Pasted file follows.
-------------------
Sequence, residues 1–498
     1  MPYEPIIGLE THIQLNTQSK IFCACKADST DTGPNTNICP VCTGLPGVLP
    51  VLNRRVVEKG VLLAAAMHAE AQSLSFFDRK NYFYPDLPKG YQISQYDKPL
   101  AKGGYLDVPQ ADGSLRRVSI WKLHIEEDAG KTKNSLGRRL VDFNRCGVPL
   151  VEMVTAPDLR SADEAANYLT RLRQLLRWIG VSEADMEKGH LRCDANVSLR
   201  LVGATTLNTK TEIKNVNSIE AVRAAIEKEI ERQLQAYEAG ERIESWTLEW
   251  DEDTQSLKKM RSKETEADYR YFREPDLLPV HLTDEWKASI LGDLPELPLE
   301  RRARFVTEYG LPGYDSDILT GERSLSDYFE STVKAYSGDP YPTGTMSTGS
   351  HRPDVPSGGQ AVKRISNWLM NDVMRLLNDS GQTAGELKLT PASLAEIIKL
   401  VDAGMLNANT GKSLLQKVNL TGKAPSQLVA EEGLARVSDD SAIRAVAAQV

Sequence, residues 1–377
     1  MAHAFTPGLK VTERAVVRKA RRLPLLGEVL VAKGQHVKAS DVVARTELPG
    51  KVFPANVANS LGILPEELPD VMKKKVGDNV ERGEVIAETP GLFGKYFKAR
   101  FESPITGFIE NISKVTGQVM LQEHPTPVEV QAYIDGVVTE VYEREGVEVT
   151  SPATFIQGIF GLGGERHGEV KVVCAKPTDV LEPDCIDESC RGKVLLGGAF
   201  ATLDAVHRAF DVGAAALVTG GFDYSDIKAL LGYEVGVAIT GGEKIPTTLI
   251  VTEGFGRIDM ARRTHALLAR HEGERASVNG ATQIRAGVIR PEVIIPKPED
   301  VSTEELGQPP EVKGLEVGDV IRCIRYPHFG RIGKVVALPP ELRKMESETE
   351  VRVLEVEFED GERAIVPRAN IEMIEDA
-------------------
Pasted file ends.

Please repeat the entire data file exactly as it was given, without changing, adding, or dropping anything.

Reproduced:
Sequence, residues 1–498
     1  MPYEPIIGLE THIQLNTQSK IFCACKADST DTGPNTNICP VCTGLPGVLP
    51  VLNRRVVEKG VLLAAAMHAE AQSLSFFDRK NYFYPDLPKG YQISQYDKPL
   101  AKGGYLDVPQ ADGSLRRVSI WKLHIEEDAG KTKNSLGRRL VDFNRCGVPL
   151  VEMVTAPDLR SADEAANYLT RLRQLLRWIG VSEADMEKGH LRCDANVSLR
   201  LVGATTLNTK TEIKNVNSIE AVRAAIEKEI ERQLQAYEAG ERIESWTLEW
   251  DEDTQSLKKM RSKETEADYR YFREPDLLPV HLTDEWKASI LGDLPELPLE
   301  RRARFVTEYG LPGYDSDILT GERSLSDYFE STVKAYSGDP YPTGTMSTGS
   351  HRPDVPSGGQ AVKRISNWLM NDVMRLLNDS GQTAGELKLT PASLAEIIKL
   401  VDAGMLNANT GKSLLQKVNL TGKAPSQLVA EEGLARVSDD SAIRAVAAQV

Sequence, residues 1–377
     1  MAHAFTPGLK VTERAVVRKA RRLPLLGEVL VAKGQHVKAS DVVARTELPG
    51  KVFPANVANS LGILPEELPD VMKKKVGDNV ERGEVIAETP GLFGKYFKAR
   101  FESPITGFIE NISKVTGQVM LQEHPTPVEV QAYIDGVVTE VYEREGVEVT
   151  SPATFIQGIF GLGGERHGEV KVVCAKPTDV LEPDCIDESC RGKVLLGGAF
   201  ATLDAVHRAF DVGAAALVTG GFDYSDIKAL LGYEVGVAIT GGEKIPTTLI
   251  VTEGFGRIDM ARRTHALLAR HEGERASVNG ATQIRAGVIR PEVIIPKPED
   301  VSTEELGQPP EVKGLEVGDV IRCIRYPHFG RIGKVVALPP ELRKMESETE
   351  VRVLEVEFED GERAIVPRAN IEMIEDA